While 1332 waivers alone can’t change a state’s Medicaid program, states may apply jointly for a 1332 waiver and a Medicaid waiver to make changes affecting both programs. For example, a state may seek to waive certain requirements for marketplace plans and corresponding Medicaid managed care rules to achieve better continuity of care between plans offered in the marketplace and Medicaid. Such an approach could allow more managed care companies participating in a state’s Medicaid program to offer coverage in the marketplace, or vice versa.
|Select State 1332 Proposals|
|State||Status (as of August 31st)||Major elements|
|Hawaii||Approved||Maintain existing employer premium assistance program in lieu of ACA’s Small Business Health Options Program (SHOP)|
|Alaska||Approved||Operate reinsurance program in individual market|
|Minnesota||Proposed||Operate reinsurance program in individual market|
|Iowa||Proposed||Includes several provisions, such as:
|Oklahoma||Proposed||Operate reinsurance program in individual market|
|New Hampshire||Proposed||Operate reinsurance program in individual market|
|Massachusetts||Proposed||Includes several proposals, such as:
To facilitate such complementary approaches, section 1332 allows states to submit a single application for Medicaid and CHIP waivers and a 1332 waiver. As noted, the single application doesn’t confer new waiver authority; it merely simplifies the application process by consolidating the various waiver requests into one document.
 Because existing Medicare waiver authority is more limited in nature and focuses primarily on ways to deliver and pay for care, it’s unlikely that states could (or would) request Medicare waivers in combination with 1332 waivers. Therefore, this paper does not address them.
 Other federal agencies will likely also be involved in reviewing and approving 1332 state waiver requests because they have authority over provisions within the scope of section 1332. For example, the Treasury Department and the Internal Revenue Service administer the shared responsibility provisions for individuals and employers and jointly administer the provision of premium tax credits with HHS.
 The Departments of Treasury and Health and Human Services, “Guidance: Waivers for State Innovation,” December 16, 2015, https://www.gpo.gov/fdsys/pkg/FR-2015-12-16/pdf/2015-31563.pdf.
 Section 1332 requires that states provide sufficient data for the CMS Office of the Actuary to certify the comprehensiveness of waiver coverage.
 “Hawaii’s Proposal to Waive Certain Provisions of the Patient Protection & Affordable Care Act,” revised August 10, 2016, https://governor.hawaii.gov/wp-content/uploads/2014/12/REVISED-Hawaii-1332-Waiver-Proposal_-August-10-2016.pdf; approval letter from CMS and Treasury to the State of Hawai’i, January 3, 2017, https://www.cms.gov/CCIIO/Programs-and-Initiatives/State-Innovation-Waivers/Downloads/Hawaii-1332-Letter-final-and-signed.pdf.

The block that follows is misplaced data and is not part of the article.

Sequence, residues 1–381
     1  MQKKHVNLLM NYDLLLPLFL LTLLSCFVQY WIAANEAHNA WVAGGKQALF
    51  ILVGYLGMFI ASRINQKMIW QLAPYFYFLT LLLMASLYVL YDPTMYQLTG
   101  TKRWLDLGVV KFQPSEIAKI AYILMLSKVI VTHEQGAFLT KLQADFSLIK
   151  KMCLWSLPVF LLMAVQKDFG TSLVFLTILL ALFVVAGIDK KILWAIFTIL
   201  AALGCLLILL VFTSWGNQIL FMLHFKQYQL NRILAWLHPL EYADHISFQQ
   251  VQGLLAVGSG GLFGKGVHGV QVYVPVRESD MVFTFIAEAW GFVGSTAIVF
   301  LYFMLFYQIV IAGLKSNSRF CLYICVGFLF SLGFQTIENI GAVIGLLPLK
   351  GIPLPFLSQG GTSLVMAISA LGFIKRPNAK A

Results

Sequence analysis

Erica Martinson, “Premera expects big cut in health insurance premiums on Alaska’s individual market,” Alaska Dispatch News, August 2, 2017, https://www.adn.com/alaska-news/health/2017/08/01/premera-expects-a-21-6-percent-decrease-in-individual-market-premiums-for-2018/.
 “Alaska: State Innovation Waiver under Section 1332 of the PPACA,” CMS, July 11, 2017, https://www.cms.gov/CCIIO/Programs-and-Initiatives/State-Innovation-Waivers/Downloads/Fact-Sheet.pdf and approval letter from CMS and Treasury to the State of Alaska, July 17, 2017. https://www.cms.gov/CCIIO/Programs-and-Initiatives/State-Innovation-Waivers/Downloads/Approval-Letter.pdf.
 “And Then There Were Five: New Hampshire and Oklahoma Join Alaska, Iowa, and Minnesota in Proposing Reinsurance for Individual Market,” State Health Access Data Assistance Center, August 3, 2017, http://www.shadac.org/news/and-then-there-were-five-new-hampshire-and-oklahoma-join-alaska-iowa-and-minnesota-proposing.
 “Iowa Stopgap Measure,” Iowa Insurance Division, August 21, 2017, https://iid.iowa.gov/documents/state-of-iowa-1332-waiver-submission.
 Iowa initially released a draft of its 1332 proposal when it expected that no insurers would offer marketplace coverage in the state, characterizing it as a “stopgap” approach so that Iowans would have some coverage available. Now, at least one insurer is proposing to offer coverage through the marketplace in all Iowa counties. Timothy Jost, “Iowa Submits 1332 Waiver Request, Claiming It Is Necessary to Avoid an Individual Insurance Market Collapse,” Health Affairs blog, June 12, 2017, http://healthaffairs.org/blog/2017/06/12/iowa-submits-1332-waiver-request-claiming-it-is-necessary-to-avoid-an-individual-insurance-market-collapse. /
 Departments of Treasury and Health and Human Services, “Guidance: Waivers for State Innovation.”
 There are some differences in application requirements, particularly around the public notice and comment process.